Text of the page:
The Wisconsin Democracy Campaign, a political watchdog group, has analyzed the campaign finance records of Governor Scott Walker's 2010 campaign and filed formal complaints against the governor and 10 contributors.
One of those contributors was Ted Nickel, who apparently exceeded the campaign donation limit of $10,000 by contributing $10,255 to Walker during the election cycle. Walker later chose Nickel to become the state's insurance commissioner.
Another alleged violator was Thomas Schneider, whose trucking business headquarters in Green Bay was the site of a bill signing ceremony yesterday. Walker signed two bills. One of the bills reduces the liability of truck drivers in cases of negligence.
The Wisconsin Democracy Campaign issued a press release today with further details of the complaints. It can be viewed here. Here are some lowlights...
In addition to the complaint against Walker’s campaign, the Democracy Campaign also filed complaints against each of the 10 contributors for exceeding the $10,000 limit on contributions they were allowed to give the governor during an election period. Finally, four of these contributors also were accused in complaints of violating the $10,000 annual limit in 2010 on campaign contributions an individual is allowed to make to all state and local candidates and political committees.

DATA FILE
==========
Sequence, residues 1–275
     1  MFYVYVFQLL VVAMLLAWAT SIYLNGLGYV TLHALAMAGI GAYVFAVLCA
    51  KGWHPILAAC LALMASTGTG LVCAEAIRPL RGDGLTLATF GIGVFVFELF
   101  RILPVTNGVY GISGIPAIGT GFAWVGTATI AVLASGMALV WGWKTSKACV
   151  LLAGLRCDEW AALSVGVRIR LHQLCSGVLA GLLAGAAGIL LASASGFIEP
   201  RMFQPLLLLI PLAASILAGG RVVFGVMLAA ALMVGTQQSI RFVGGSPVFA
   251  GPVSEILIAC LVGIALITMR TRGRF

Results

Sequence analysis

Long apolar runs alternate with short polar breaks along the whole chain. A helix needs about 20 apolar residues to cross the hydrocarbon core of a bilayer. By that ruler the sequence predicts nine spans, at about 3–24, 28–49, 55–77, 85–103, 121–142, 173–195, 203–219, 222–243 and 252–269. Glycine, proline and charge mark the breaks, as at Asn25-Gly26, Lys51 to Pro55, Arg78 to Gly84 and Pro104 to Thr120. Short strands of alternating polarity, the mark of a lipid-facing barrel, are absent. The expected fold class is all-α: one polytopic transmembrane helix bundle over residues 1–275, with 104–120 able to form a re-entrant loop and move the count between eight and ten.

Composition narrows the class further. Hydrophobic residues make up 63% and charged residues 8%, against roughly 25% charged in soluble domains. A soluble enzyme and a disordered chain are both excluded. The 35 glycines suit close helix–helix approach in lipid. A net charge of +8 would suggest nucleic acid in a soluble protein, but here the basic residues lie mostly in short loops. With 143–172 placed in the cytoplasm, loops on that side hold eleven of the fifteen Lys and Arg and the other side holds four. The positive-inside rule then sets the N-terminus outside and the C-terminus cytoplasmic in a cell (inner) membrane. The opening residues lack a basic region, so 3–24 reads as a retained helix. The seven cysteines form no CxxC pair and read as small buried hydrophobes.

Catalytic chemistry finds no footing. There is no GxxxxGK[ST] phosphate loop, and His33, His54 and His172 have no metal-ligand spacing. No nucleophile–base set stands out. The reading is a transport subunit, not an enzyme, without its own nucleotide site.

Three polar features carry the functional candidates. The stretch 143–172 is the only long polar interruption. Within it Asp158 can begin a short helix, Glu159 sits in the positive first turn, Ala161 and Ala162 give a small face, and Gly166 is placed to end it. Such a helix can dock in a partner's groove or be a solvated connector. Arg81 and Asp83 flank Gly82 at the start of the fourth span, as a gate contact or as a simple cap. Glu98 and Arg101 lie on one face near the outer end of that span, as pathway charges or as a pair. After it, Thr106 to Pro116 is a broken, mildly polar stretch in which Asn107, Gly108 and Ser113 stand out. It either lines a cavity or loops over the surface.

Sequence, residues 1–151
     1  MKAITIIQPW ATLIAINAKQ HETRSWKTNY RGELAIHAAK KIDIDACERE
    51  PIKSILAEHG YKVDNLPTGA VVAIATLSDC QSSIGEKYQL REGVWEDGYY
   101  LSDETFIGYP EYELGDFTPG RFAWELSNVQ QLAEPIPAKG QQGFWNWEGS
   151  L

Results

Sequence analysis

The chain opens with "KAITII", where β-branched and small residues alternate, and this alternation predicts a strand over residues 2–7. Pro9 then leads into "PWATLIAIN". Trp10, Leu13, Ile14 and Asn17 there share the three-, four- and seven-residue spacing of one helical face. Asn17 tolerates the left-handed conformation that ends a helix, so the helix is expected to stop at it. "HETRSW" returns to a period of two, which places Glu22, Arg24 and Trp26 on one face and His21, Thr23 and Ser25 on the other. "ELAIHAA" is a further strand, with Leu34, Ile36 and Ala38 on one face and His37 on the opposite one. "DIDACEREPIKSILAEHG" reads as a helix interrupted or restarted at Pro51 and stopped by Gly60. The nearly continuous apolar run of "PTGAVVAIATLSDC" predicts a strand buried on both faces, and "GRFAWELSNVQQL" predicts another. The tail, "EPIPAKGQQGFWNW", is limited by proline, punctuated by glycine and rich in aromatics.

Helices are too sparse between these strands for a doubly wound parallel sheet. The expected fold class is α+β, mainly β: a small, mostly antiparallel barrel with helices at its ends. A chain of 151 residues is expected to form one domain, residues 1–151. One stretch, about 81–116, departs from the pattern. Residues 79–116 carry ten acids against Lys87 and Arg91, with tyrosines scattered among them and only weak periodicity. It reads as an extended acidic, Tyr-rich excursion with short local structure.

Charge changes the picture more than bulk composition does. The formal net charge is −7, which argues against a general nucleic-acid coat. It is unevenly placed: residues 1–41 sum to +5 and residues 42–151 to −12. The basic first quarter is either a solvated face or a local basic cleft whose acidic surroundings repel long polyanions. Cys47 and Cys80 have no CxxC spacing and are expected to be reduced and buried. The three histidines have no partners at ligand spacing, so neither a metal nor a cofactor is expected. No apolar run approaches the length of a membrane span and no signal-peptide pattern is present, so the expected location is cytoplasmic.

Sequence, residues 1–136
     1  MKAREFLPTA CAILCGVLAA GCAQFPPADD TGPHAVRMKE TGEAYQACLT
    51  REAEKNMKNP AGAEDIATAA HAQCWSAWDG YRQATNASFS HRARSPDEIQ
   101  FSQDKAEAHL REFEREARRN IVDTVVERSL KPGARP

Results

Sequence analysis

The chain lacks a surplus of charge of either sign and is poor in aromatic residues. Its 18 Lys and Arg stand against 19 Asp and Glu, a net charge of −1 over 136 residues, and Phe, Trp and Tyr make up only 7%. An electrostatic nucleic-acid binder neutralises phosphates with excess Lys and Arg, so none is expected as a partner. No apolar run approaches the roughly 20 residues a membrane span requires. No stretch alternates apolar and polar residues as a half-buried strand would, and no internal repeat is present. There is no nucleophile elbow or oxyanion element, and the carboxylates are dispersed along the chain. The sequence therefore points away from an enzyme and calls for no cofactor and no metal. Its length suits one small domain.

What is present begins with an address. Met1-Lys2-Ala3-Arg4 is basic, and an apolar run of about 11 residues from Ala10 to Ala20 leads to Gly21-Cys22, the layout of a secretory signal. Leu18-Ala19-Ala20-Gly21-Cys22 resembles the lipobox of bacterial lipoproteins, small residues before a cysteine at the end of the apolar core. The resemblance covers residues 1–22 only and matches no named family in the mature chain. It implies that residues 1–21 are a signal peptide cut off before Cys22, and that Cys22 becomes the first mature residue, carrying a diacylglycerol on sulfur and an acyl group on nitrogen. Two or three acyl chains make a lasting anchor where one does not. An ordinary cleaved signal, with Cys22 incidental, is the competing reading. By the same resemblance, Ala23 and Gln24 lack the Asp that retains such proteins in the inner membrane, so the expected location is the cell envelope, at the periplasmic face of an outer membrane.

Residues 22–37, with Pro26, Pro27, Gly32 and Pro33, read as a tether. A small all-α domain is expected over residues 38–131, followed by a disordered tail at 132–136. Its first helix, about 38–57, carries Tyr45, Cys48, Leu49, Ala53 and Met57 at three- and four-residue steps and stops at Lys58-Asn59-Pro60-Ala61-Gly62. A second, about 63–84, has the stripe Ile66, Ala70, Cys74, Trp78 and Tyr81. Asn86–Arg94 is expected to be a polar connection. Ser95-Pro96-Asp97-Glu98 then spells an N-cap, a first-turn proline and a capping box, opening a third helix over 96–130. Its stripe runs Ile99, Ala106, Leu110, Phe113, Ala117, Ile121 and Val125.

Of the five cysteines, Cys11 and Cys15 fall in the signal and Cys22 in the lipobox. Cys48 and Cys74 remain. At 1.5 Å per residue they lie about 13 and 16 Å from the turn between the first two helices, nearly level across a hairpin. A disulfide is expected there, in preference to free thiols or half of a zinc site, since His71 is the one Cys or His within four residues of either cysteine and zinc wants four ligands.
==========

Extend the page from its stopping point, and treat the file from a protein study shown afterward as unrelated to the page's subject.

The complaints were filed with the state Government Accountability Board which enforces the state’s campaign finance, ethics and lobbying laws.
They also have a table listing the alleged violators with a breakdown of their contributions.
Just for kicks, the other bill signed by Walker at the offices of Schneider National allows for power from a hydroelectric dam being built in Manitoba (yes, Canada), to count toward the state mandate that 10% of electricity come from renewable sources by 2015. Environmental groups and renewable energy investors are not pleased. From the Milwaukee Journal Sentinel:
Environmental and renewable energy advocates and clean-energy firms say the bill is one of several developments this year that are threatening the development of homegrown renewable energy projects. Allowing dams in Canada to qualify for the renewable energy standard is a boon for job creation in Manitoba but not Wisconsin, they said.